Where Mask-Wearing Isn’t Gospel: Colorado Churches Grapple With Reopening

COLORADO SPRINGS, Colo. — The lights dimmed. Guitars thrummed. And a nine-piece band kicked off what amounted to a rock concert inside an amphitheater of a church. “Shout for joy to the Lord,” one musician called out, quoting Scripture.

Any such shout could release the coronavirus to congregants. With some 500 people singing along, though, any concern about a deadly virus circulating was hard to find other than the spaced-out chairs in the 6,000-person hall. Although Colorado’s governor had issued a statewide order days earlier mandating masks, hardly anyone at this service at New Life Church obeyed.

“I’m finding this to be true at churches all over America: If they’re told they have to wear a mask, they’ll stay home,” said Brady Boyd, senior pastor of the 15,000-member New Life Church, a nondenominational megachurch that meets in five locations across the Pikes Peak region.

Long considered one of the

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California School Districts Grope for Sensible Reopening Plans

School leaders in Elk Grove, California, wanted to leave as little to chance as possible. So they brought nearly 150 voices into their decision-making process, and canvassed the parents of the estimated 63,000 students in the district to ask how they wanted their children taught. The result was a four-item menu of instruction choices for the coming academic year, none featuring a full campus.

About 45 minutes down Interstate 5 in California’s Central Valley, seven trustees in Manteca took a 5-2 vote: School would resume on campus, at full classroom capacity, five days a week. Parents would have the option to enroll children in a 100% online academy — although it didn’t yet exist. After a protest from teachers and the health department, the district later relented and agreed to put students on campus for five days every two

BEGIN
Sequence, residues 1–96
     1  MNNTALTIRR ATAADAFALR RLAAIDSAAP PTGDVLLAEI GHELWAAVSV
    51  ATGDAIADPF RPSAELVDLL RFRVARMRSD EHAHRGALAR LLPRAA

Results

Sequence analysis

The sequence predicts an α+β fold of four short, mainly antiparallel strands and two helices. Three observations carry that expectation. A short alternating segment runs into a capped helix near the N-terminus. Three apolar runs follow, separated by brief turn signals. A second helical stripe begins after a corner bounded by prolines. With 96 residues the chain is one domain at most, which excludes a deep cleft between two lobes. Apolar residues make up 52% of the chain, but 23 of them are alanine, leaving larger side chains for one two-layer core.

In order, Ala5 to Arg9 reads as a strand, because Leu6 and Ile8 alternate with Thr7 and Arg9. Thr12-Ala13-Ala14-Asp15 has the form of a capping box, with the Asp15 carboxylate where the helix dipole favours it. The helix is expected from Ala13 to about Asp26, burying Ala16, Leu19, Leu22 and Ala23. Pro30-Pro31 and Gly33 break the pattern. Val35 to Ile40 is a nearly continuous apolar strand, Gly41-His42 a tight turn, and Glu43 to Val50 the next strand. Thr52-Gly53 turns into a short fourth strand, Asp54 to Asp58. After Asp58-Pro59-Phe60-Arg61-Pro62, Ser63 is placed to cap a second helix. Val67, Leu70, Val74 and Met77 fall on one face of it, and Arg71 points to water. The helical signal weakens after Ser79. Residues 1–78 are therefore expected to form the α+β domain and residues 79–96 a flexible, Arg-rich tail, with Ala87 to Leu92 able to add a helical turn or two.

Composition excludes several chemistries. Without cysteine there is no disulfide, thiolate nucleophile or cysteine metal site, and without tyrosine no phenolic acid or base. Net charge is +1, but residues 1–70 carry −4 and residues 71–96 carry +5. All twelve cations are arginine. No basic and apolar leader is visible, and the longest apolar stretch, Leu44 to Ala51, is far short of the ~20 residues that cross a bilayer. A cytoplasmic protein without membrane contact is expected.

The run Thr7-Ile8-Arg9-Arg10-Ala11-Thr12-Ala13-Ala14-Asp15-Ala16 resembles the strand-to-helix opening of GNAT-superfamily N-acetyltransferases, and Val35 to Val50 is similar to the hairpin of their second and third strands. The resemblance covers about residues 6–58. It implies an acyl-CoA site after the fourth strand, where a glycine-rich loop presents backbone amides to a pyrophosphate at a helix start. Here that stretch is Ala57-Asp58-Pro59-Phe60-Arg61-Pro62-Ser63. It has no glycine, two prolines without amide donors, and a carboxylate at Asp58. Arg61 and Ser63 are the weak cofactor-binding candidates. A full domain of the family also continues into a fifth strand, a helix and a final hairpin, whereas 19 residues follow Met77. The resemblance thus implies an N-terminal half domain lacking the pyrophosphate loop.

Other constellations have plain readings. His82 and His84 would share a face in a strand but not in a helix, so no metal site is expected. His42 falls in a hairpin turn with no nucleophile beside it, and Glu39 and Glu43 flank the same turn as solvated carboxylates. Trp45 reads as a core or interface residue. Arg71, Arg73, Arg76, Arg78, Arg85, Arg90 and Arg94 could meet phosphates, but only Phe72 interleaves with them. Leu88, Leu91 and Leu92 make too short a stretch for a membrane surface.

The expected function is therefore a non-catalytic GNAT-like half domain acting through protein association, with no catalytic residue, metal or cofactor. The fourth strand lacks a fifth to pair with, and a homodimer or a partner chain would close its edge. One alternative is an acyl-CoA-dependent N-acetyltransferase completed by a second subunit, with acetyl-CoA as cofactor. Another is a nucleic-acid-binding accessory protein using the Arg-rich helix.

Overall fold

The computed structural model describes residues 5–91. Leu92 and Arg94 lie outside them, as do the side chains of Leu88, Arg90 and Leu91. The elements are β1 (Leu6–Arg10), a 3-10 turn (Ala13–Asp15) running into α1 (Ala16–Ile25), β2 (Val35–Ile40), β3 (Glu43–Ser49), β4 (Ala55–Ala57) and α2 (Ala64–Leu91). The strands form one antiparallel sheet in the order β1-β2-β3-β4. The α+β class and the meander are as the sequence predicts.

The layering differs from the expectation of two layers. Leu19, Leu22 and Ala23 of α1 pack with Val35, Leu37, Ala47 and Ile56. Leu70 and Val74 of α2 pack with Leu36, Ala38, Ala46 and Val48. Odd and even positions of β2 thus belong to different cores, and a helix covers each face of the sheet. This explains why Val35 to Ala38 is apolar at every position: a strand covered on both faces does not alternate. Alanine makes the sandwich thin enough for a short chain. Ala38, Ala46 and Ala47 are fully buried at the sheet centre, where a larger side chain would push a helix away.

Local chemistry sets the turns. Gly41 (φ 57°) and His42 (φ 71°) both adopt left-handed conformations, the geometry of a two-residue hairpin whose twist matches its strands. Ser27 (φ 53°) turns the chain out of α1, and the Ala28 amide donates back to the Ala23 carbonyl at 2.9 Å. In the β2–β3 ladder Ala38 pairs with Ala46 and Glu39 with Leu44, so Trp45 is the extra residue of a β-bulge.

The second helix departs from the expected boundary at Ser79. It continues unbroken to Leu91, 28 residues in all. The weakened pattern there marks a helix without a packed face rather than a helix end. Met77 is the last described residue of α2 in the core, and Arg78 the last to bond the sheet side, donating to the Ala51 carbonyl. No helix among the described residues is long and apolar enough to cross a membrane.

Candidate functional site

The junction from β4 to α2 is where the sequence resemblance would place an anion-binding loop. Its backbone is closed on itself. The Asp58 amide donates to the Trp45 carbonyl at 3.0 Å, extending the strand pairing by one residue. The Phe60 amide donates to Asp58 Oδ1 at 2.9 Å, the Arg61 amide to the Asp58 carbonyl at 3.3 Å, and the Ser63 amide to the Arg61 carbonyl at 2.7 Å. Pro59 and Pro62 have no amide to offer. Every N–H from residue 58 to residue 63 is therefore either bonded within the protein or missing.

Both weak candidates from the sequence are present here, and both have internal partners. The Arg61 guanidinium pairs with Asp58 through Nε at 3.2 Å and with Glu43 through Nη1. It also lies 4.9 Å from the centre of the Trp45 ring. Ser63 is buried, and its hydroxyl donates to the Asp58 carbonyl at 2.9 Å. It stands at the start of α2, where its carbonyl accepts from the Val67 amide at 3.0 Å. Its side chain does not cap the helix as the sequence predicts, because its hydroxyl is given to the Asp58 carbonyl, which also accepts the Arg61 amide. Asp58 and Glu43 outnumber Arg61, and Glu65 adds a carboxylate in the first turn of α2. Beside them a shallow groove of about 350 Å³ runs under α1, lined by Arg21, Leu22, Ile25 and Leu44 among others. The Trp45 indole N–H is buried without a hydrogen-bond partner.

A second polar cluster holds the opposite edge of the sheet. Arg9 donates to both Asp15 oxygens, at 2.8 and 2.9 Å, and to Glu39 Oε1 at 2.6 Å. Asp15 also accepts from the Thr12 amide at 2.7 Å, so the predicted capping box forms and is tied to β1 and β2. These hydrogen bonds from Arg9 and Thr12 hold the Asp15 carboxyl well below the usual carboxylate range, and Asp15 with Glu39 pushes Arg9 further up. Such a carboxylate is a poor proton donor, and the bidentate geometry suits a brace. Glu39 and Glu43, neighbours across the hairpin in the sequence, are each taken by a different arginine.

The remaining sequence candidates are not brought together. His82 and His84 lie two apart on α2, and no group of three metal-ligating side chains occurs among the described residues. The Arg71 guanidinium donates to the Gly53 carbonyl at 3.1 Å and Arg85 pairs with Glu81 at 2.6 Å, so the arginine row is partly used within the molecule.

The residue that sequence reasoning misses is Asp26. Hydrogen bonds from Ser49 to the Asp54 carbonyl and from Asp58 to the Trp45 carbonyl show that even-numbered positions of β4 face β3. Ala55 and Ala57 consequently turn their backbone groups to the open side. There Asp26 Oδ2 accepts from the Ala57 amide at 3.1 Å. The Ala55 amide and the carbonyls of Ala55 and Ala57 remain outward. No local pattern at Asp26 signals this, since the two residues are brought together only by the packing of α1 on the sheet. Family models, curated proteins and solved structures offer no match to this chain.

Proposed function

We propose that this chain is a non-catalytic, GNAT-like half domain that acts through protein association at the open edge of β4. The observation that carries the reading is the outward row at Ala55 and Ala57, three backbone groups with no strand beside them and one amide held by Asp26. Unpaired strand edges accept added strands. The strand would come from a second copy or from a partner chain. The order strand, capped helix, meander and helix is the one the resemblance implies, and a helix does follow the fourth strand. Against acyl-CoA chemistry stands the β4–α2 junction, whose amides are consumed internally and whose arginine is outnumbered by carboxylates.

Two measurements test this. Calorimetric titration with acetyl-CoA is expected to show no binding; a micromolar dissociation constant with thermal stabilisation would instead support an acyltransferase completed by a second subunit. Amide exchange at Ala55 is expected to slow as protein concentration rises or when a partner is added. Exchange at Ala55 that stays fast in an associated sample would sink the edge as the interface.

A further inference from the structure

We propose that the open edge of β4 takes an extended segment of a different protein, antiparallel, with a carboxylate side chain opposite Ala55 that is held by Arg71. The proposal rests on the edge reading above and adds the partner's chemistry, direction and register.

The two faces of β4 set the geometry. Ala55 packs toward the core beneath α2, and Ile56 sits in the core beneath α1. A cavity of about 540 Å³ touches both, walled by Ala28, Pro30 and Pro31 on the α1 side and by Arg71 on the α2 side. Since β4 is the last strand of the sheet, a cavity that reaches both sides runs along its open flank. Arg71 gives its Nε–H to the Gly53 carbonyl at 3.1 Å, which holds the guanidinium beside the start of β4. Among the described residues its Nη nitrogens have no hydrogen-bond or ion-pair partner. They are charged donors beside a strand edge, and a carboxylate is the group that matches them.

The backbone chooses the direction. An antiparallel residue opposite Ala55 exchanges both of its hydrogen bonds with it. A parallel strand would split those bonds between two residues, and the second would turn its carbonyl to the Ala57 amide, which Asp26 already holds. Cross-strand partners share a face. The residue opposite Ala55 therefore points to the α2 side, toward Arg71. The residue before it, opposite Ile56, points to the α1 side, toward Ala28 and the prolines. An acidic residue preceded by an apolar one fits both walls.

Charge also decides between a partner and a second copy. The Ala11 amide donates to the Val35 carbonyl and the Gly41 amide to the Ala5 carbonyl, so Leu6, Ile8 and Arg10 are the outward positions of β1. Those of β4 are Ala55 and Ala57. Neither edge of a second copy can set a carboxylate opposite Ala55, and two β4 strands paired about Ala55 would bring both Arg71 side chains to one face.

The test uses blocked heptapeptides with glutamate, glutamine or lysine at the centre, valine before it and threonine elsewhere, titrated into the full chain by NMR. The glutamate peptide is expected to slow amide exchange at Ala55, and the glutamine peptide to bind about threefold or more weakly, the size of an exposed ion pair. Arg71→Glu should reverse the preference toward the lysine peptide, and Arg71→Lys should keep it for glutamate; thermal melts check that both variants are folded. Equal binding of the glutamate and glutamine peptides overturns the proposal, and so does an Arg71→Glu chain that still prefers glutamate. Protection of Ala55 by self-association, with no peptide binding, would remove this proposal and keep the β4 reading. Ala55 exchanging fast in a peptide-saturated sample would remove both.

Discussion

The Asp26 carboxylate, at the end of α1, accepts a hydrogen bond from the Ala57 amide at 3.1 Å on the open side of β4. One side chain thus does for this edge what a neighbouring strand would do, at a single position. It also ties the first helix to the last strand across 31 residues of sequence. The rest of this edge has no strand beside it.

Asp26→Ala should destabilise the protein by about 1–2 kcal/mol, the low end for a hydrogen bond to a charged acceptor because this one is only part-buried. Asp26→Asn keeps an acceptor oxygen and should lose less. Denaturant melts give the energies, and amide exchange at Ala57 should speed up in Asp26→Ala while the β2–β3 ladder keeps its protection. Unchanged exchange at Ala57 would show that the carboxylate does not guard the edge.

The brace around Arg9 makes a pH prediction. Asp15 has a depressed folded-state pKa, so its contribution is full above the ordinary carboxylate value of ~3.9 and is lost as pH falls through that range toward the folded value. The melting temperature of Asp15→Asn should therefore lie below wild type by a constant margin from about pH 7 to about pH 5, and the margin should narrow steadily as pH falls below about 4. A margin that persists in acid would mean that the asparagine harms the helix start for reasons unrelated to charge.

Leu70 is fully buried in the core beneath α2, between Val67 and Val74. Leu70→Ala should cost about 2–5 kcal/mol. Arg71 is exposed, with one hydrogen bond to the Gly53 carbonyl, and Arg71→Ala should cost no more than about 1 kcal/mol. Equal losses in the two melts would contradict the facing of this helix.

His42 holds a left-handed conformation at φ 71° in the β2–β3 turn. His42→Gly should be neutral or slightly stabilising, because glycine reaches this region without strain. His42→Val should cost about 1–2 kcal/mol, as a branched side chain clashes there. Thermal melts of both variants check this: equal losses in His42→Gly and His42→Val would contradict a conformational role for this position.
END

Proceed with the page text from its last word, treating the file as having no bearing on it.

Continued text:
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The Costs Of Safely Reopening A High-End Restaurant

Like countless other restaurateurs across California and the nation, Alex and Charity Prestifilippo have been caught in a precarious health-and-safety limbo.

Beginning in March, the COVID-19 pandemic shuttered their popular Gourmet Italia restaurant in Temecula, a wine-growing community of 115,000 southeast of Los Angeles. Dozens of employees were laid off; food stocks quickly became outdated.

They began bleeding cash — about $20,000 every day in lost business, rent and sundry other payments on Gourmet Italia and their other properties, a winery and the pizzeria Spuntino.

While desperate to reopen, the couple also realized the perils involved in serving food to the public with a dangerous pathogen on the loose. The Centers for Disease Control and Prevention’s guidelines were confusing enough for the general public. For restaurants trying to keep loyal patrons safe, the lack of clarity was maddening.

What precisely did social distancing mean inside their restaurant, the Prestifilippos wondered.

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Society Is Reopening. Prepare To Hunker Down At Home Again.

Even before the May 25 killing of George Floyd in police custody drew large crowds of protesters into the streets of U.S. cities, people were beginning to throng beaches, bars and restaurants. Whether for economic, social or political reasons, our home confinement seems to be ending.

Or is it?

Public health officials warn that a hasty reopening will generate a second wave of COVID-19 infections. That could delay a return to economic and social normalcy ― or even force us back under house arrest ― as long as there’s no reliable therapy or vaccine.

So while it may seem counterintuitive as people finally come out of the woodwork, now is an opportune moment to talk about doubling down on preparations for

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